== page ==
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The 2002–05 Ford Thunderbird is getting more attention

The year was 1999. Eagle, Mercury, Plymouth, Oldsmobile, and Pontiac still existed. The 1999 North American International Auto Show in Detroit was at its peak, and so was the retro-futuristic movement, demonstrated by throwback concept cars like the Nissan 240Z, Pontiac GTO, Chevy Nomad, and Ford Thunderbird. Previously discontinued in 1997, the return of the T-Bird in concept form was a reboot recalling the 1955 two-seat convertible original. The press went nuts, and a production car was in the works.


This is a companion discussion topic for the original entry at https://www.hagerty.com/articles-videos/articles/2019/05/17/2002-05-ford-thunderbird-getting-more-attention

I remember those days when my uncle started brought home a new '02 Thunderbird and was very proud of it. Too bad he had to sold it after a few years.

Over $17K for a number 3 car seems generous. Less than a year ago, there was an insurance adjuster in my lobby when I was discussing listing a customer’s Acura Integra GSR on BringATrailer. The insurance adjuster heard our conversation and was interested, as he had been trying to sell his low mileage, garaged, lightly upgraded Thunderbird for months with zero interest. I was confident that BAT would be a good place to sell it, until we looked at the Thunderbird results and the only ones that were selling had four figure odometers or owners letting go for about 2/3rds of the value listed in the article.

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That Thunderbird sounds a previous one. Did you got some pics of it?

I don’t remember the model year, but it was absolutely the two-seat retro-bird of the early 2000s. You can look at the BAT results right now. A last-generation T-bird has to be something truly special to sell for $11K, and it has to have well under 10,000 miles to bring $17K.

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Lots of cool Tbirds there last time I checked. Gonna try to look for her there later.

It is foolish to turn down a car because of milage in these days of modern CAD design tools. I bought my 2004 only 3 years ago with 150,000 miles on the clock. It was a well cared for and well maintained Pacific Coast Roadster which meant a nice color and all options. I banked the money received from selling the new paid for luxury 4 door sedan which I had been using. Driving the Tbird daily it added 30000 miles in 3 years. My maintenance bill is averaging $20.00 a month. While I don’t race it, I do take it on vacation trips through the mountains and deserts of West Texas. It is a Ford, parts and skilled mechanics are available anywhere. I have zero worries about taking care of whatever might need service or replacement. Top up or down, I prefer the Tbird as a fun drive.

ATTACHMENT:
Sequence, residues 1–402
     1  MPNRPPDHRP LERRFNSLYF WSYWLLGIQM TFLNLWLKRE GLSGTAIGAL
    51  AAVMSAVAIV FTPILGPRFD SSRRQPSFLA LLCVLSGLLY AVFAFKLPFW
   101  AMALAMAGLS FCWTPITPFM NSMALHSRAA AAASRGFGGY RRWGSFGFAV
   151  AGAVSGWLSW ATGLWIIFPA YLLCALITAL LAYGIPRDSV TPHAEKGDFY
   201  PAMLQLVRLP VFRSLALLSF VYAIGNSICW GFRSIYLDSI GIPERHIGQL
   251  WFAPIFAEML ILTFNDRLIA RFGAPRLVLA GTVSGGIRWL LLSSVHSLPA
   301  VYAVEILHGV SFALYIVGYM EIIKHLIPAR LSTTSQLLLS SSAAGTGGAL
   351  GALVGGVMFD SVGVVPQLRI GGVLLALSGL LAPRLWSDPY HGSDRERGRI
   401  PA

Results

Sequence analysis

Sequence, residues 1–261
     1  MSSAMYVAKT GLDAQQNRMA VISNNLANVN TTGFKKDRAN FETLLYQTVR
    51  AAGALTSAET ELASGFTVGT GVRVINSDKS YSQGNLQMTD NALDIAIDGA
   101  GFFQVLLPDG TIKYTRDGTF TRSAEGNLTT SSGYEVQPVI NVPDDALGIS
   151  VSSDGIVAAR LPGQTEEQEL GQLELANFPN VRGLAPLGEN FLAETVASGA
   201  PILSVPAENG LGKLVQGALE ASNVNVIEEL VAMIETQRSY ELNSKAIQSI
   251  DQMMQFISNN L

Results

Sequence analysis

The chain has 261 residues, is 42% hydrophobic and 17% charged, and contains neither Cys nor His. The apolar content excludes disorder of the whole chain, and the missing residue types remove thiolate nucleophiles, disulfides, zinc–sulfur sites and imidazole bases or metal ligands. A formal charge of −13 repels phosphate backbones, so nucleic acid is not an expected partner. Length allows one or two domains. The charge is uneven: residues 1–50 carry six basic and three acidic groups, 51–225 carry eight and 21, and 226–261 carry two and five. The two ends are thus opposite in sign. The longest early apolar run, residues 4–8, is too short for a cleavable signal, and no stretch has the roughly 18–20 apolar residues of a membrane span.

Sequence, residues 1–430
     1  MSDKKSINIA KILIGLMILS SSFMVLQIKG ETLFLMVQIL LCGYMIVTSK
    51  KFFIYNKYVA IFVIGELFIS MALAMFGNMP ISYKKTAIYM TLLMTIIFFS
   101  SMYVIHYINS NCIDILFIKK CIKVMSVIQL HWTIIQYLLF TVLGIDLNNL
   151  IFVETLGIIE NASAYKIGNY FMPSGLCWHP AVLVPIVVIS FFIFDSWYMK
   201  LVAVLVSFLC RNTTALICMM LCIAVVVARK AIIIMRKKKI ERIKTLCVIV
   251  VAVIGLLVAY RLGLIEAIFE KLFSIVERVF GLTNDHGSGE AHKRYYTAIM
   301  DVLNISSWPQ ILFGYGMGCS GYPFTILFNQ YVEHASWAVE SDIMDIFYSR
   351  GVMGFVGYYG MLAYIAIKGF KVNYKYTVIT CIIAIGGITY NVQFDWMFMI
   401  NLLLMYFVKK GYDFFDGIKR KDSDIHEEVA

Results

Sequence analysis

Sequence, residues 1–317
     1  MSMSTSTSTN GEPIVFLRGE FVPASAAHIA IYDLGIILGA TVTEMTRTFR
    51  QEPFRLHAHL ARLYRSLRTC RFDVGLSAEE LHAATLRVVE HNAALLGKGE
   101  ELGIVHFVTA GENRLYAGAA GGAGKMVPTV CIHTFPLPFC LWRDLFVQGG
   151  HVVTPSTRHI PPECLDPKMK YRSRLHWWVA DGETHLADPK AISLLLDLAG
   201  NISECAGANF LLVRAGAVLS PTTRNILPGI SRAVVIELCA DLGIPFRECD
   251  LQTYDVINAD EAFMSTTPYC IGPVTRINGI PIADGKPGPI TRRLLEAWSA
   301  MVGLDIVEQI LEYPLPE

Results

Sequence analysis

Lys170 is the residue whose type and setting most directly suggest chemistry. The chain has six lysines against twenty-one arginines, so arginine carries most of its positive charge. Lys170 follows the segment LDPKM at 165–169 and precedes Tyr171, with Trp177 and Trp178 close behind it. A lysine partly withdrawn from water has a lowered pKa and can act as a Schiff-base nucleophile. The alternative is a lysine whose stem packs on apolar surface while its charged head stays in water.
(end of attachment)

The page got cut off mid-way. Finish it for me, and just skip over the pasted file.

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If you actually drive one of these Tbirds you will be very impressed. At least that’s my humble opinion in addition to all of my friends that drive one of ours when they visit my shop. Ford handled this car poorly from the start as is mentioned in the article. After introduction they basically abandoned it for other projects dealing with their 100th birthday celebration. As everyone knows the Ford GT took center stage and then there was the fallout from J. Nassar’s Rapid expansion of the Ford empire. Multiple reasons but Ford offered no effort whatsoever to expand the model or it’s appeal. The engine is essentially the same V8 that Jag and Aston Martin use so there is plenty of room for a performance model but nothing but crickets and then the Axe from Ford.
Do yourself a favor and try driving one. At current prices they are a great value and certainly a great deal of fun (fun fun). Sorry could not resist.

I am one of those Baby Boomers that recently bought a 2002 fully loaded Thunderbird. The TBird had 44,000 miles and is in mint condition. In 2002, I had a son in college and another son in elementary school; plus I was in the military involved in the response to 9-11. So, a two vehicle with two seats was not exactly a realistic option, although I really liked the 2002 Thunderbird.

Last year I retired, for the 3rd and last time, and all our children are out of college and in great jobs. So, it is just my wife and I. Now a sporty and fun vehicle is a realistic option. I bought a 2002 yellow Thunderbird, with a yellow accented interior. I also got a power-train warranty, which includes the air conditioner, on 5 year/60,000 additional miles plan. My Millennial children have seen pictures of the TBird and really love it, so I think Millennials are also starting to look at the late 1990 - early 2000 vehicles.

I have come into contact with a number of Babybooms that also bought TBirds for pure pleasure of driving around in a fun and flashy roadster.

Recently purchased a late 2002 T Bird with 71K miles and excellent maintenance records. Prior owners kept car immaculate. Color is Black with white hardtop and red/black interior. #2 or high #3 throughout. Car needs nothing and we love it.
Paid $10K in TX.
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We bought a used 2004 from a friend in 2006 with 12K miles on it. We drove the car for 8 years and enjoyed every minute of it. The 04’ had increased horsepower and was no boulevard slouch. Red with tan interior and a tan cloth top including hand painted pinstriping, it was a good looking vehicle. We rarely had the hardtop on it. We sprung it as a trade in, believe it or not, after a squeezing all the money out of a deal on a 2014ES350 cabrio and still got 15K for it with 21K miles showing! The 20" wheels from our Jag XF gave the Bird some shoulders which it needed desperately.T-Bird|640x480T-Bird